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'Da Vinci Code' verdict upheld

April 21, 2006|From the Associated Press

"The Da Vinci Code," the mega-selling thriller, does not infringe the copyrights of a book published in 2000 by another author because the books are not substantially similar, a federal appeals court says.

The 2nd U.S. Circuit Court of Appeals issued a five-page order this week that upheld the decision by U.S. District Judge George B. Daniels in favor of author Dan Brown.

Brown and Random House Inc. had asked the federal courts to declare that his story exploring codes hidden in Leonardo Da Vinci's artwork was not substantially similar to "Daughter of God," by author Lewis Perdue. Perdue had countersued, seeking $150 million in damages. The case never made it to trial because Daniels concluded that no jury "could find the works substantially similar."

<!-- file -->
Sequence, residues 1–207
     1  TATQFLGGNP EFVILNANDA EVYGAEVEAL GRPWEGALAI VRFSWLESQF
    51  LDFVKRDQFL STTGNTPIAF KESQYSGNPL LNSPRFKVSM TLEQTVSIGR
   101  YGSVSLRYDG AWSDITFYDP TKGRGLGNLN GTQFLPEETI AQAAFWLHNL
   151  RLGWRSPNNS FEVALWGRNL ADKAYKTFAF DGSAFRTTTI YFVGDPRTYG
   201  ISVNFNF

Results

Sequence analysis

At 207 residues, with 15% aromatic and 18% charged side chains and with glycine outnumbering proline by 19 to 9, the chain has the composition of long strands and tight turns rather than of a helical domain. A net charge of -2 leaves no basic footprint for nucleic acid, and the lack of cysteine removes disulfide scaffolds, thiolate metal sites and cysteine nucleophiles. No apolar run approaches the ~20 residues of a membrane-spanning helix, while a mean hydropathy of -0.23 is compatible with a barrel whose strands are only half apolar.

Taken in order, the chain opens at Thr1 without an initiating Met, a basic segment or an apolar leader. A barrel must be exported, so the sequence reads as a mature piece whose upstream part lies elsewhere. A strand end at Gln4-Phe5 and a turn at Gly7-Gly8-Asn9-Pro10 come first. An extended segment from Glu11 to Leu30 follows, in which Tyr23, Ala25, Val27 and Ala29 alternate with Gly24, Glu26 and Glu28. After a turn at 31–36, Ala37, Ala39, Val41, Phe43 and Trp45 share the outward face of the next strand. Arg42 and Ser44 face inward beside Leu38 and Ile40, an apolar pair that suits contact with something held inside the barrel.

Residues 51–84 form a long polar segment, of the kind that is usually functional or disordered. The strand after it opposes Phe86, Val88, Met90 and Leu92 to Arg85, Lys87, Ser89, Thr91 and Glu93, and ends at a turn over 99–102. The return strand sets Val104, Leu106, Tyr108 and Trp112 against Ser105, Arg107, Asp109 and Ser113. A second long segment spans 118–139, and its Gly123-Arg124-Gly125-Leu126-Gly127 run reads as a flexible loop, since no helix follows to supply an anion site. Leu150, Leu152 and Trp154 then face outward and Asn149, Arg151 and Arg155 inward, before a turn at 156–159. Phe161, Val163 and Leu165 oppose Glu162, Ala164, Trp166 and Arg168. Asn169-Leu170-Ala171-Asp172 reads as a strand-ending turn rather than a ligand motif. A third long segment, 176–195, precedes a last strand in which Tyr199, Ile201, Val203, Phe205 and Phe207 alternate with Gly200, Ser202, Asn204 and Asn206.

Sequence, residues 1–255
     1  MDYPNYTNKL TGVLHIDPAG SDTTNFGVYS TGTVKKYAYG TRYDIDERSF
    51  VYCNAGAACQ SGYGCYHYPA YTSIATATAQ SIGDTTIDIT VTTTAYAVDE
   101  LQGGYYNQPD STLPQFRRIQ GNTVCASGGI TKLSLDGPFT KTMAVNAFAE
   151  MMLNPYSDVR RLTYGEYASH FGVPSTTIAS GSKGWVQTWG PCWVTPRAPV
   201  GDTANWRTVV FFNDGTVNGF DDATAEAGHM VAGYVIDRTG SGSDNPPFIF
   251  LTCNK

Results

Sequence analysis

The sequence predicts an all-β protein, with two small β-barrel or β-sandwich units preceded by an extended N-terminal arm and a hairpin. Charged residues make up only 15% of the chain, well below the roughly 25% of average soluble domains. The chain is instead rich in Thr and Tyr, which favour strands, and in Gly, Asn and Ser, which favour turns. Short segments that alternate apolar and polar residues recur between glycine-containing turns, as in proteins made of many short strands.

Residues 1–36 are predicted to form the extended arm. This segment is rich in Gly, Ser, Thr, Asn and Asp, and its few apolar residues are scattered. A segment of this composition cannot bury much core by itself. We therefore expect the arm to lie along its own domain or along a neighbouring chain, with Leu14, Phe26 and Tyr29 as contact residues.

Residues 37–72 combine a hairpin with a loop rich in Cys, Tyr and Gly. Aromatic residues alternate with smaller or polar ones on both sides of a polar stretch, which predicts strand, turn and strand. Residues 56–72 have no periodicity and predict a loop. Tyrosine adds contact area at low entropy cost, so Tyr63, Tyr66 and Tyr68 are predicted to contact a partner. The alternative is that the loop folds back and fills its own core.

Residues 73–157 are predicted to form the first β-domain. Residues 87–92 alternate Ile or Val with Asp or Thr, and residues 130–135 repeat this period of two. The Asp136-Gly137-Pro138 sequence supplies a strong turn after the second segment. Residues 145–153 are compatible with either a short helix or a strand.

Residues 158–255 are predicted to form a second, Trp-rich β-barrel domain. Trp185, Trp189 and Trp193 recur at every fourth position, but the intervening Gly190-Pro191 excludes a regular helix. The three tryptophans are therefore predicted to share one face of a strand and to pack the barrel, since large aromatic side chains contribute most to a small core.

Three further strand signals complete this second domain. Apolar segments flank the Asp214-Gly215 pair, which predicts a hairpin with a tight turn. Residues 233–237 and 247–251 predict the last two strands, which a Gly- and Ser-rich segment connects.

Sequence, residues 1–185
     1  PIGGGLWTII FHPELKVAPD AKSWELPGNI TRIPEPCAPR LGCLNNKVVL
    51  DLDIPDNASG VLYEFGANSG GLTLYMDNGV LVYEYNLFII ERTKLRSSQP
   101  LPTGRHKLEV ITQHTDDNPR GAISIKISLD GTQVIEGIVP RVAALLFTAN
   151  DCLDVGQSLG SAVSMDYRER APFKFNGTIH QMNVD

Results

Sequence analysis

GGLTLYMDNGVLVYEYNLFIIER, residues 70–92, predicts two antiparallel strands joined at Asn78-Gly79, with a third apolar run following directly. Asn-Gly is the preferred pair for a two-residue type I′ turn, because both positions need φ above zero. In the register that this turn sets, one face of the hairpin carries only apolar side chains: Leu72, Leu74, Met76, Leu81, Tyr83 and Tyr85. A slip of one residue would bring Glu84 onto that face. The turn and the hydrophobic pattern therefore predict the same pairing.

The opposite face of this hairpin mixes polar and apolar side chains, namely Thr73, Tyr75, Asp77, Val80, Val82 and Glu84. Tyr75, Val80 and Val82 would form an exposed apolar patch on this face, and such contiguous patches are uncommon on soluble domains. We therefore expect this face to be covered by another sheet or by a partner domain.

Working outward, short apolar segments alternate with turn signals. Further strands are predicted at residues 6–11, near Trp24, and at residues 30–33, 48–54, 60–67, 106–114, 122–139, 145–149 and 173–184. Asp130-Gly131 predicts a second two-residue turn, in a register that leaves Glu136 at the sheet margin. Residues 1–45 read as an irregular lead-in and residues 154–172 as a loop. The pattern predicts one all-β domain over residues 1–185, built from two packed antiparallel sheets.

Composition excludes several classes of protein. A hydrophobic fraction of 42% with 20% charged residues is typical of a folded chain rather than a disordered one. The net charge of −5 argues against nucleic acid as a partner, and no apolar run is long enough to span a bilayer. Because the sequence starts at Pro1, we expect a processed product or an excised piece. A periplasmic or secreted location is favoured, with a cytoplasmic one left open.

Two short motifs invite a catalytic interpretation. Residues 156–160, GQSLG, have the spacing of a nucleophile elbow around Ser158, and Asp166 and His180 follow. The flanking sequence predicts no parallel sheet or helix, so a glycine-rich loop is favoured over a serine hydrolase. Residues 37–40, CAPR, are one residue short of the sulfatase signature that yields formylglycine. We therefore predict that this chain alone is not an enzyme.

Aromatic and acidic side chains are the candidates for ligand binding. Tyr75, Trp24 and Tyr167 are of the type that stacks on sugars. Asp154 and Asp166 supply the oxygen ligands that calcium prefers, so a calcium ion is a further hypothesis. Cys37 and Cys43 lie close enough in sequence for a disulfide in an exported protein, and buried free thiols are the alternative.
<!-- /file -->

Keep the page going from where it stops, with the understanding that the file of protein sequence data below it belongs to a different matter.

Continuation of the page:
On April 7, a British court cleared Brown and his publisher of copyright infringement. Authors Michael Baigent and Richard Leigh had claimed Brown's novel "appropriated the architecture" of their 1982 nonfiction book, "The Holy Blood and the Holy Grail."

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